3. I actually think this is a pretty good idea. I also like their mounting approach. The Daft Punk comment is spot on… perhaps an endorsement deal is in order.

  4. It’s a well thought out design. My biggest concern with any face protection is fogging. They say they’ve designed it to limit fogging. I’m a bit skeptical. I haven’t found anything that I can’t fog up. I gave up and stopped using any eye protection because of this.

  5. One concern I see off the bat is the helmet cover made out of rubber. One of the reasons helmets have the relatively smooth exterior is so that when you crash the helmet slides, not rotates which can cause more injury. I’ve got to say that the first photo of the dude in the smoke/black shield and cover needs a leather jacket to complete the look. RoboCop meets Terminator.

  6. My biggest concern is that you have yet another thing attached to your helmet that is designed to keep your head safe…. What is this going to do to the level of protection should you come off? i can only imagine it will decrease the effectiveness.

    and on that basis alone, i’m out

      • I’d worry about the effect of having two chunks of plastic stuckmto the sides of my lid in a crash. If you came down on one of them it could punch through it. Same reason I won’t use lights or cameras on my lid.

  7. Isn’t the stretchy rubber waterproof helmet cover the opposite of reducing helmet roll on impact?
    Cosplay all you want but don’t break your neck.

  8. Nah… I ride a bike 15 miles to a job where I work outside, often in sub-freezing (sometimes even sub-zero) temps. I wear a similarly-sized faceshield on my work helmet, and I can tell you that flipping it down to try and reduce the bite of a cold wind does very little–the wind just whips under it and still gets my face. What’s worse, the small reduction in wind exposure near the top of the shield allows my breath to freeze to the area rught in front of my eyes, making it progressively more difficult to see.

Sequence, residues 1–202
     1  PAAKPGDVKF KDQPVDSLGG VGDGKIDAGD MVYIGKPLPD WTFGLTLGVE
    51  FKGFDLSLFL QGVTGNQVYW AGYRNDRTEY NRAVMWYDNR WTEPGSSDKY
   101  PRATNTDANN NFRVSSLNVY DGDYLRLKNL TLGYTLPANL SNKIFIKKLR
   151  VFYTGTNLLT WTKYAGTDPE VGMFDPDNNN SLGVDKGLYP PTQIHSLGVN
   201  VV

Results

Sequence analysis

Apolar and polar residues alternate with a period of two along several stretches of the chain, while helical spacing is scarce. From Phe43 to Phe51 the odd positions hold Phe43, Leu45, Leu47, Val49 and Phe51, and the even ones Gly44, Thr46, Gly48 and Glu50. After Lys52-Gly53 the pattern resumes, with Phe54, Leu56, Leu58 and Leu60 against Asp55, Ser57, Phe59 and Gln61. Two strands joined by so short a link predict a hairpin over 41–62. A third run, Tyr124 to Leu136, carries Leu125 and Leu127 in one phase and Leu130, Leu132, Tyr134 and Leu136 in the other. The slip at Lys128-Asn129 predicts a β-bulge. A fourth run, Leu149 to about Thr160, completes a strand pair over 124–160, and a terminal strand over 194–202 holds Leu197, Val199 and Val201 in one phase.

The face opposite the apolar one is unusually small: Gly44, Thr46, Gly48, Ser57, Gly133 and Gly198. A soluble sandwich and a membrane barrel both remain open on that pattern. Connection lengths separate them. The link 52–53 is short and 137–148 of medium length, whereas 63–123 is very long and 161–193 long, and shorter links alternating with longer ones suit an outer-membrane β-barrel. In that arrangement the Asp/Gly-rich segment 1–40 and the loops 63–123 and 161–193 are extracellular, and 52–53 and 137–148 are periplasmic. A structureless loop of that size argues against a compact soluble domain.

9. Modifying your helmet is just a bad idea. You have a rigid piece of plastic that if you crash, is going to tear/pull off of the helmet, and then will only be another thing that could injure you. Just because something is strong/used on something else doesn’t mean that it can be used with a system that wasn’t designed for it. A sledge hammer is really strong too, but I’m not going to bolt that to my helmet…

  10. (deleted) Crazy how many people you see in Cupertino walking around with these blast shields on. I guess it’s to protect them from the constant California sun?

  11. My area ranges from 0 to 30 degrees all winter. Just a winshield will not do much to keep your face warm.

    Also it’s gonna fog up going uphill or at stop lights. Not enough ventilation and what there is its not high enough.

    The lower edge is too low. If you crash and tuck your neck, it will dig or cut into your body.

    Looks kool though. Good for robbing banks?

  12. Really? Are cyclists actually talking about being fashionable?!? The solid black looks cooler/sleeker than ski goggles and balaclava, but ain’t no way I’m wearing that crap.

  13. Intrigued – would love to know whether it fogs at a stoplight etc.
    I use a helmet mirror that would probably interfere with this (unless perhaps I mounted it back behind the pivot).

    The fashionistas here are pretty funny – wonder how many of them I’ll see out on those -30F / -34C with heavy wind days I wonder?